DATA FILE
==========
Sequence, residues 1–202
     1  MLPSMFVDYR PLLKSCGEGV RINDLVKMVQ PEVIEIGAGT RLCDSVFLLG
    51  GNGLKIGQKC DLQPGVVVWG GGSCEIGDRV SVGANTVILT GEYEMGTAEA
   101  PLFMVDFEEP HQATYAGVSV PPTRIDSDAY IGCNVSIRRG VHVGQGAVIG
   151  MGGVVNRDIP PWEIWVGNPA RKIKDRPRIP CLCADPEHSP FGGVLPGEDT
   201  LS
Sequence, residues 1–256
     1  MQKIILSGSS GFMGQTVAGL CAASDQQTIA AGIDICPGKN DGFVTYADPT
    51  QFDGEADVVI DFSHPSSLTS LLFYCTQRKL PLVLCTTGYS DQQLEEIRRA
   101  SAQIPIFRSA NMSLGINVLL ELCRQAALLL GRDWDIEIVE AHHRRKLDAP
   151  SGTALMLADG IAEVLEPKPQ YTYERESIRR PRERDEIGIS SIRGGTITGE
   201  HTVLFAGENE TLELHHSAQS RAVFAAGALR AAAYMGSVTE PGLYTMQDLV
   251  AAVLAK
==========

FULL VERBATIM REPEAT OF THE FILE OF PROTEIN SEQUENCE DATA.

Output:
Sequence, residues 1–202
     1  MLPSMFVDYR PLLKSCGEGV RINDLVKMVQ PEVIEIGAGT RLCDSVFLLG
    51  GNGLKIGQKC DLQPGVVVWG GGSCEIGDRV SVGANTVILT GEYEMGTAEA
   101  PLFMVDFEEP HQATYAGVSV PPTRIDSDAY IGCNVSIRRG VHVGQGAVIG
   151  MGGVVNRDIP PWEIWVGNPA RKIKDRPRIP CLCADPEHSP FGGVLPGEDT
   201  LS
Sequence, residues 1–256
     1  MQKIILSGSS GFMGQTVAGL CAASDQQTIA AGIDICPGKN DGFVTYADPT
    51  QFDGEADVVI DFSHPSSLTS LLFYCTQRKL PLVLCTTGYS DQQLEEIRRA
   101  SAQIPIFRSA NMSLGINVLL ELCRQAALLL GRDWDIEIVE AHHRRKLDAP
   151  SGTALMLADG IAEVLEPKPQ YTYERESIRR PRERDEIGIS SIRGGTITGE
   201  HTVLFAGENE TLELHHSAQS RAVFAAGALR AAAYMGSVTE PGLYTMQDLV
   251  AAVLAK